What is Relational Trauma Anyway?

October 3, 2014

I know, I know, another new term.  Relational trauma.  What exactly is that?  Relational trauma is what happens when some of the key people in your life harm you.  There are many ways that someone who is in a close, personal relationship can harm you, and this blog post it to start you thinking about your relationship history.  Perhaps there was a relationship or two that wan’t nurturing for you.  Perhaps there is a relationship that taught you how the world works, or how people are supposed to relate.  Perhaps that relationship taught you something that wasn’t right, or functional or healthy.  

 

No, it’s not about pointing fingers, nor about assigning blame, it’s about getting the story right, or understanding truth.  Is truth important to you?  Then you need to look at your world and see the truth that affects your very core. Trauma is not about the hammer, it’s about the dent it leaves behind.  If we only judge the world by the hammers in it, we miss the people who walk wounded in it.  Yes, some people are more sensitive than others, but that’s a God given asset that we need to appreciate and not depreciate. 

 

Relational trauma is when the most important people in your life taught you something that wasn’t true.  They might believe it to be right, but they might not know what’s best.  Working through this trauma offers you something that can help you navigate the world with health, love, truth and forgiveness.  Usually relational trauma begins with your parents, but it can include other important people in your life when you were growing up.  Understanding what your parents taught you takes work, and courage to look carefully at them and yourself, but it can help your life improve dramatically.  Who knows, you might even teach them something they need too.

 

So let’s start with types of abuse.  I’ll begin with the ones people can see a mile away.  Physical abuse includes physically striking or harming someone.  It can also be when a parent expects a child to physically nurture a parent.  This might be feeding, cleaning, or caring for them. Sexual abuse is when people invade a child’s boundaries and interact with them in a sexual way.  All sexual interactions between adults and children are inappropriate and abusive.  These two are easily seen because our legal system monitors and confronts them.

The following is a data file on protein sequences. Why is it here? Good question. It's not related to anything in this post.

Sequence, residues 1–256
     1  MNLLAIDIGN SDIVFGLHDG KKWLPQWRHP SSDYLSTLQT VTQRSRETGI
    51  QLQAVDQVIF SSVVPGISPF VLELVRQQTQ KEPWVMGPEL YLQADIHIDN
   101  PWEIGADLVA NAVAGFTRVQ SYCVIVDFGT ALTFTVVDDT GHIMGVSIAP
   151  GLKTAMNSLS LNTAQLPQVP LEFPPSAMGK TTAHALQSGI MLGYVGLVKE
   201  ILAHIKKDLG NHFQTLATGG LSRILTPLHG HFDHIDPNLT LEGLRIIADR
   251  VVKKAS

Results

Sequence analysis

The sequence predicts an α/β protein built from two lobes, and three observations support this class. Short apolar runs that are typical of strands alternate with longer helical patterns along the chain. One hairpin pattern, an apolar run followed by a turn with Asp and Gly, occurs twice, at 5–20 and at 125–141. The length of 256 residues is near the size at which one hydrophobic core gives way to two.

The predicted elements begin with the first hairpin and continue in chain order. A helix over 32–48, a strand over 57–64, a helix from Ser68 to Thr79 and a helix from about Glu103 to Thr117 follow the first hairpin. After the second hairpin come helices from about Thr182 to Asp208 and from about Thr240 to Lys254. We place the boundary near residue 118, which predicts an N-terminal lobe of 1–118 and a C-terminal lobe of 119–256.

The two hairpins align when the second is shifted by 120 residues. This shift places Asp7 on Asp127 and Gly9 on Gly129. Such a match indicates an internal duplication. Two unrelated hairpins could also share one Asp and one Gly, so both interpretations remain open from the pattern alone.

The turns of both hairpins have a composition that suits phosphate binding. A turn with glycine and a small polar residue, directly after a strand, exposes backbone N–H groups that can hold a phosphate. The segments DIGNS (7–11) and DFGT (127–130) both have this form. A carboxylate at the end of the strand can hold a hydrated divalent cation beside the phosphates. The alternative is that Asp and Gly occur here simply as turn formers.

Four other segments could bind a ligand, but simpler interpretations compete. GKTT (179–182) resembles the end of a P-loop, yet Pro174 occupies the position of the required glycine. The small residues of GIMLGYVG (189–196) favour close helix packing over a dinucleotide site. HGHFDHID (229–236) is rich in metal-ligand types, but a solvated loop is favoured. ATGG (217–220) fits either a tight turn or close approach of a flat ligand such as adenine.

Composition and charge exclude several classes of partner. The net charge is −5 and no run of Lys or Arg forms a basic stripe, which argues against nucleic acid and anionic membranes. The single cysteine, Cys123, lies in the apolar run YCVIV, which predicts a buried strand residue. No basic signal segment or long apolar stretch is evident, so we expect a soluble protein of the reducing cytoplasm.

Intellectual abuse is when a person shames, over-controls or attacks a child with words or actions.  This affects a child’s expression of thought about, things, people, or themselves. Emotional abuse is shaming a child for their emotions, refusing to let a child express their own feelings, or when parents improperly express their own feelings to a child.  Spiritual abuse is when a parent manipulates religious beliefs for their own gain.  They may act as judge, or religious authority to a child in a way that harms them. It elevates the parent in an unhealthy way.  These abuses are not confronted by the legal system.  Many people don’t realize that they exist and fail to see how it affects how they learned to behave around others. 

 

Abandonment and neglect is abuse.  It might be a failure to provide food, clothing or shelter.  Or it could be a failure to provide physical, emotional, intellectual nurturing.  It might be a lack of medical care or education.  Or it can be dismissing of a child’s needs or wants.  The legal system monitors neglect in a physical way, but not in emotional, intellectual or spiritual ways.  Most people don’t see these as abuse.  They believe that emotional and intellectual intimacy is optional and not required of parents.  However, to be a fully functioning, connected adult, kids need help with developing good emotional and intellectual skills and habits.  Failure to see a child as an emotional and intellectual being is a form of abuse.

 

Finally, falsely empowering children and elevating them to a similar status as an adult is abuse.  Most people need to spend some time with this to really understand it.  Falsely empowering a child is expecting them to be an adult when they are still a child.  They aren’t developmentally equipped to be a peer to the parent.  It sets children up to misunderstand the role of parents and children.  Parents are supposed to take care of children and children are supposed to be dependent on their parents.  Kids have a chance to make mistakes, grow and learn before the accountability of adulthood.  When a child is falsely empowered, they don’t have that chance.  They aren’t allowed to play but are expected to be “mini adults.” I’ll write more about this one another day, but this really is abuse.  Think of it as taking away someone’s childhood.  

 

So relational abuse is when a kid isn’t allowed to be a kid and isn’t given support and acceptance to grow.  Most of us are big kids in adult bodies trying to figure out the world.  You don’t have to do it alone.  You can learn how to be a “functional adult.”  This work is from Pia Mellody and her work in her books, Facing Codependency, and The Intimacy Factor.  It’s a lot to take in, so if you’d rather walk along the path with me, we’ll take it step by step.  Welcome.  You are welcome here if you want to figure it out.

 

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